Unless sun protection practices are established early in life as inviolable habits, akin to using seat belts in a vehicle, children become increasingly lax as they get older about preventing sunburns that can lead to life-threatening cancers decades later. In a study of 360 fifth graders over three years, Alan C. Geller, director of melanoma epidemiology at Massachusetts General Hospital, and his colleagues found that as the children moved into adolescence, the proportion who “often or always” used sunscreen declined to 25 percent from 50 percent.

To read more click Here to go to the New York Times

United States Ranks Last on Breast-Feeding Support

posted 2012 May by natalie sampila

  May 15, 2012, 10:50 am By KJ DELL'ANTONIA Does the United States — do we — really want women to breast-feed their  infants?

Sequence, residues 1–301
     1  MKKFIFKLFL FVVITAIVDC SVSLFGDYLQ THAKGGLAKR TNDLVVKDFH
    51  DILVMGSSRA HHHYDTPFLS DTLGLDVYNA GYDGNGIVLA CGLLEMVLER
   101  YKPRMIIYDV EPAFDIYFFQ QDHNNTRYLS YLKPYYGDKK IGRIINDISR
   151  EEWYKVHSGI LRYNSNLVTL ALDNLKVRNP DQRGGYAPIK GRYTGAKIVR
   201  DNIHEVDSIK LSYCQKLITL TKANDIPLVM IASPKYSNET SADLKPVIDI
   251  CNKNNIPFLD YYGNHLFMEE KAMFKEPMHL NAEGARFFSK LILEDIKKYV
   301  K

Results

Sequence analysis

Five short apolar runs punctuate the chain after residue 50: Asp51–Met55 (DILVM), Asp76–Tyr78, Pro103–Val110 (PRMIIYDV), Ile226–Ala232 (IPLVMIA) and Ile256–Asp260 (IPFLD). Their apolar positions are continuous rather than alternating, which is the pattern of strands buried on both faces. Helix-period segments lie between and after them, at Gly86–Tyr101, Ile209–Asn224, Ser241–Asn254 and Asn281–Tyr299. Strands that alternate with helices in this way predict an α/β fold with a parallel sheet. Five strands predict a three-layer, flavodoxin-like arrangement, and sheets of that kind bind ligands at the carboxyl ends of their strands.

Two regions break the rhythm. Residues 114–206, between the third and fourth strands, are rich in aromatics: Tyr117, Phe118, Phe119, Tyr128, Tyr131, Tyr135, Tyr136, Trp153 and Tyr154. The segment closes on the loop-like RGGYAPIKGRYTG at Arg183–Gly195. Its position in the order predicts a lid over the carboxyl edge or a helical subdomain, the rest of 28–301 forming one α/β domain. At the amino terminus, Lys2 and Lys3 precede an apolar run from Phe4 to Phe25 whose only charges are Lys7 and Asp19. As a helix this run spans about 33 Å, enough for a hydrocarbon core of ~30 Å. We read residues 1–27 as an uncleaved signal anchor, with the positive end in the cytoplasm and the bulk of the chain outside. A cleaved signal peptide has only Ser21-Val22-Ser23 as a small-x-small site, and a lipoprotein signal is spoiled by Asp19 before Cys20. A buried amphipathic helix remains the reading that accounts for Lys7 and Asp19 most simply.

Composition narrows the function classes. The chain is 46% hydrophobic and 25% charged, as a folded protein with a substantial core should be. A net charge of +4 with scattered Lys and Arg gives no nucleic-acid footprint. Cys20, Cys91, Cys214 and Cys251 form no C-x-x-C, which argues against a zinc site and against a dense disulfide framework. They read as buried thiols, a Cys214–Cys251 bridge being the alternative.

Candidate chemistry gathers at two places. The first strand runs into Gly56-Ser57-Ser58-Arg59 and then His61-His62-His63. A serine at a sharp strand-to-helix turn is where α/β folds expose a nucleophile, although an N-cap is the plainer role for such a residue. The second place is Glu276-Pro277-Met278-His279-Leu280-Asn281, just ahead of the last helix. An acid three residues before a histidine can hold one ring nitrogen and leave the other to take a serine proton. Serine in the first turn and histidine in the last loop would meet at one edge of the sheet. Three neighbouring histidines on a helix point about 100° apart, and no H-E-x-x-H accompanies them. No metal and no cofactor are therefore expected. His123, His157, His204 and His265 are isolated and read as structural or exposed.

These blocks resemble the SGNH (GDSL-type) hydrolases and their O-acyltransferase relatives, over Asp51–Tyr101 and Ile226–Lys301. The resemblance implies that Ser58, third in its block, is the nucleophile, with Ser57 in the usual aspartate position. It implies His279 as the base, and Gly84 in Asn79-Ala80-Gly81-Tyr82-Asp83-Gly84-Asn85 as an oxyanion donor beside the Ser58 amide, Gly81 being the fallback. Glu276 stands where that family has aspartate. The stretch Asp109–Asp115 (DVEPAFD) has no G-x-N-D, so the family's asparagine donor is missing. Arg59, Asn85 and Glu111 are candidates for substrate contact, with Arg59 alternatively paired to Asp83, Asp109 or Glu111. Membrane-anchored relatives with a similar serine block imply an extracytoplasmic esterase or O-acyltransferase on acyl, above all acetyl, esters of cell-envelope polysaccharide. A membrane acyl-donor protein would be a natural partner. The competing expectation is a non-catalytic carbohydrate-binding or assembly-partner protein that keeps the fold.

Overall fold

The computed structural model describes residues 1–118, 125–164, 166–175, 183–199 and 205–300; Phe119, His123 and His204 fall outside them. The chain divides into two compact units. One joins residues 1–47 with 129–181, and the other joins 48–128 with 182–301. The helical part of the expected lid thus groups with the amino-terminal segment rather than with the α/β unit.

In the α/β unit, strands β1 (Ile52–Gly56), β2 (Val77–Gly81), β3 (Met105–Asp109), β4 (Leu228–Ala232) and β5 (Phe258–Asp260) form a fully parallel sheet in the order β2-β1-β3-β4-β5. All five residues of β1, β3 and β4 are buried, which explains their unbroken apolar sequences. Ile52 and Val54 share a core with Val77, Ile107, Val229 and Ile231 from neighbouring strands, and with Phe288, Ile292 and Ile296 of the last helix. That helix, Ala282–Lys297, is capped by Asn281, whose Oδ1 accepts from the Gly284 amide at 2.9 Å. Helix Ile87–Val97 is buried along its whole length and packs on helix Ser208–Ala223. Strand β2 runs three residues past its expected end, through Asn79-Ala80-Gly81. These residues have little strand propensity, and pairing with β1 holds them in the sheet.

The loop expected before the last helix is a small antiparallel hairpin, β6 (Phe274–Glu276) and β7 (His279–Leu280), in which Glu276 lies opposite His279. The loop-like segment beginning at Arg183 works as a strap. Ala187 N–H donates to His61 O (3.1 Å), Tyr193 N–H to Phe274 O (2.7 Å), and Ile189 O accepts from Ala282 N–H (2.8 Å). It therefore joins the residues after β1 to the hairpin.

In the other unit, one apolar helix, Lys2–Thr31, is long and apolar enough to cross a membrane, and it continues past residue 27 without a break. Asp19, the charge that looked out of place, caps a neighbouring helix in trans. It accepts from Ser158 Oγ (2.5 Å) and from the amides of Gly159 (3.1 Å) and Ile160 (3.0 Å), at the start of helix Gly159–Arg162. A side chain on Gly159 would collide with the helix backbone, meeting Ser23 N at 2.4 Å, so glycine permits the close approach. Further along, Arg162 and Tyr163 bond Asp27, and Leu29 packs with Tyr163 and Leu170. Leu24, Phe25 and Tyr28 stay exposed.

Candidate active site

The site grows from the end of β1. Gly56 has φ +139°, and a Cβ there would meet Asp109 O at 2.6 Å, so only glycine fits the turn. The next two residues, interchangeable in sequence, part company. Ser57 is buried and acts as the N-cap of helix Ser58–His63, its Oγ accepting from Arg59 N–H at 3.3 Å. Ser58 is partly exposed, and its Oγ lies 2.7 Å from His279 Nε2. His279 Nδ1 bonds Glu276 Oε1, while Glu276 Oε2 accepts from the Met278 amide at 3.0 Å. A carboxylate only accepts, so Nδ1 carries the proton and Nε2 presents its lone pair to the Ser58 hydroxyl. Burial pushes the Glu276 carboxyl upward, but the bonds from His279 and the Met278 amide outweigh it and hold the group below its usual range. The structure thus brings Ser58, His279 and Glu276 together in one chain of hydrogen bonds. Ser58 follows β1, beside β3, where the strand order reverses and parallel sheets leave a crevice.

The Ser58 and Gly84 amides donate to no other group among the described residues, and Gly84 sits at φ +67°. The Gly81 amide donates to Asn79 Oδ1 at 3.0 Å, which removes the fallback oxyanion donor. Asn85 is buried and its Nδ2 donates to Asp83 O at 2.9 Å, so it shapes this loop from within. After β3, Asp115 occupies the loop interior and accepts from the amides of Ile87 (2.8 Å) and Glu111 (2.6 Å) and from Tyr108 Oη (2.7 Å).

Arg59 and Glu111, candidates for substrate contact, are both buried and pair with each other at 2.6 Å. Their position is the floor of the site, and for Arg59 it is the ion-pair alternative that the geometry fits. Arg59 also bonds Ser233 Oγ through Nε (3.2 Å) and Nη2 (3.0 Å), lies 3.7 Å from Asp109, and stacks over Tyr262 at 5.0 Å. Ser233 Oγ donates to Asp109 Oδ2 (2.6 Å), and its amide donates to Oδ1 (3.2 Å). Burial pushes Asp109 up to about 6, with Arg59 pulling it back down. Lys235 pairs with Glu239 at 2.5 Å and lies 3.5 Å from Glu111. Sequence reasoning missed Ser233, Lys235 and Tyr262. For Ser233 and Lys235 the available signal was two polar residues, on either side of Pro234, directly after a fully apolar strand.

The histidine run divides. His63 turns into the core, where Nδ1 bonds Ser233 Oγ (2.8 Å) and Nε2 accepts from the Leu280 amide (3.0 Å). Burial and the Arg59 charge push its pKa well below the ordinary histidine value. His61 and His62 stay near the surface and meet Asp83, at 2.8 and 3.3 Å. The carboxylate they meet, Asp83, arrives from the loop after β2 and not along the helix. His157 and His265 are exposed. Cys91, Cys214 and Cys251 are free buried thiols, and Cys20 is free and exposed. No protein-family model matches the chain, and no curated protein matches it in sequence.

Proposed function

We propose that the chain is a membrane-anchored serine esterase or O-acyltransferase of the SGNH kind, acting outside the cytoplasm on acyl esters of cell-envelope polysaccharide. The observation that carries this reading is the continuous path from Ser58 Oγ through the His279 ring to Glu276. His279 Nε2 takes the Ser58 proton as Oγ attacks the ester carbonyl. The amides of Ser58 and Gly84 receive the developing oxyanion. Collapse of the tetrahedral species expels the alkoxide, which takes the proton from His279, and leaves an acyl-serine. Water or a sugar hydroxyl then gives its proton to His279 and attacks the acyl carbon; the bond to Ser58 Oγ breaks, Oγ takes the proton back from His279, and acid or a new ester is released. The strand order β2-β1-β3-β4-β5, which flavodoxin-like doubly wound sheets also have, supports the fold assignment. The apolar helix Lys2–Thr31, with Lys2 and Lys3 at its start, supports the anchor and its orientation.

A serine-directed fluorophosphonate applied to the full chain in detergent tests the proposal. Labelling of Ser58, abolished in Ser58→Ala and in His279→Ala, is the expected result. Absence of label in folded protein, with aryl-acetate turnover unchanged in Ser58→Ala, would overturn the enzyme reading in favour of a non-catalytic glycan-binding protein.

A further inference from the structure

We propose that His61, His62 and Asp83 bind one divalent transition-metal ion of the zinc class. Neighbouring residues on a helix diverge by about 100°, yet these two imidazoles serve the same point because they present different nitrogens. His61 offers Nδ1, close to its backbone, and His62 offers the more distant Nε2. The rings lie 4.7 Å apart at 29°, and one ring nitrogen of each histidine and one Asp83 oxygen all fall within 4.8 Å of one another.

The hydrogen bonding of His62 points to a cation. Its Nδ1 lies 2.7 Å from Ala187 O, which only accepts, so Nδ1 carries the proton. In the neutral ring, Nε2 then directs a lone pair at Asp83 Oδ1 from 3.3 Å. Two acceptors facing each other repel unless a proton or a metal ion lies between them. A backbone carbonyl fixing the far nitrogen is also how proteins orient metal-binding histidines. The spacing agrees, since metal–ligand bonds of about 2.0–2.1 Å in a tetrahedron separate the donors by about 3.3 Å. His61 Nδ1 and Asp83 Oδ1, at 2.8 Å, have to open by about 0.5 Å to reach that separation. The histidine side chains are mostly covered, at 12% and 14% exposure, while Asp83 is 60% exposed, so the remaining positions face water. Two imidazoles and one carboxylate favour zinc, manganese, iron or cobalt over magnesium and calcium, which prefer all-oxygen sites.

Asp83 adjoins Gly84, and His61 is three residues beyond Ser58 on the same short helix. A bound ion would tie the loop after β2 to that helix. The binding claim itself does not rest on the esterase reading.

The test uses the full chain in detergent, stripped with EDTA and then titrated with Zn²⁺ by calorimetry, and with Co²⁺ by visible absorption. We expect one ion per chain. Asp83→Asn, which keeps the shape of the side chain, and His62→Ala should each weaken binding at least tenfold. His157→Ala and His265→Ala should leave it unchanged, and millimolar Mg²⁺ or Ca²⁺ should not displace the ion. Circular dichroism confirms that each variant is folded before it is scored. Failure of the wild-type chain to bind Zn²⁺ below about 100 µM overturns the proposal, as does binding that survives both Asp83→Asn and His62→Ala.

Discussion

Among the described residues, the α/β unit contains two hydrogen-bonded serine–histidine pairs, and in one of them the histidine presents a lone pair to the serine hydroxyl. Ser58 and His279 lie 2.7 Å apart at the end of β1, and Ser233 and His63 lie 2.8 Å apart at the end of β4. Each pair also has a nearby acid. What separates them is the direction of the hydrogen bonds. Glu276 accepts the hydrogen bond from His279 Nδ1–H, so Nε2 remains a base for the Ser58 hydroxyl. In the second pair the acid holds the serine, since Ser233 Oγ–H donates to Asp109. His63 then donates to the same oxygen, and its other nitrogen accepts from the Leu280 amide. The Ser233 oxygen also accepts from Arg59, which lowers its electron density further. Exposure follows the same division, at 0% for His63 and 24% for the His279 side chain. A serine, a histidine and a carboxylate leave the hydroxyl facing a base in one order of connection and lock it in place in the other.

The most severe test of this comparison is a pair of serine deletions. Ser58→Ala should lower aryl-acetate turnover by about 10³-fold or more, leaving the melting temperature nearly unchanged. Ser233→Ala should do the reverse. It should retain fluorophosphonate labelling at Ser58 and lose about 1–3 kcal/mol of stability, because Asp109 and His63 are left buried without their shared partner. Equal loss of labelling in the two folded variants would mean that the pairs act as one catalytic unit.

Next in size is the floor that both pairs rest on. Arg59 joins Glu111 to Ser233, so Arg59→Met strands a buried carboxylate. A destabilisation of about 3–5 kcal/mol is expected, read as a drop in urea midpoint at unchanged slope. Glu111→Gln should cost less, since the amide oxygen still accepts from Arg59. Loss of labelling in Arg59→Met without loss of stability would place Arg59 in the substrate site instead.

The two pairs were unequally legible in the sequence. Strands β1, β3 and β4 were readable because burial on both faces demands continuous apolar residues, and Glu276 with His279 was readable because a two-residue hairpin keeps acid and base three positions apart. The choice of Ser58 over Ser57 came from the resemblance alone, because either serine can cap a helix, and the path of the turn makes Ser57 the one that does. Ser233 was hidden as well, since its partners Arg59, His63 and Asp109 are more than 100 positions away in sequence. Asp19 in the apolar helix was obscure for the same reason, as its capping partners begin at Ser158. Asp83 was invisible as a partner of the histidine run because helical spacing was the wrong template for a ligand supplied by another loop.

The American Academy of Pediatrics certainly does. As do the Surgeon General and the Centers for Disease Control and Prevention’s Division of Nutrition, Physical Activity and Obesity, which clearly have the ring of officialdom about them.

But as many mothers can attest, the awarding of a smiley-face sticker for diligent nursing does nothing to make up for inadequate support for women who want to breast-feed their babies while simultaneously remaining employed outside the home. It’s possible to do both, and many women do — but very few would argue that the federal or state government offered much, if any, help.

Last week, Save the Children released its State of the World’s Mothers Report for 2012, and in it, amid the detailed discussion of successes and failures of all the world’s nations with respect to taking care of mothers and infants, was this: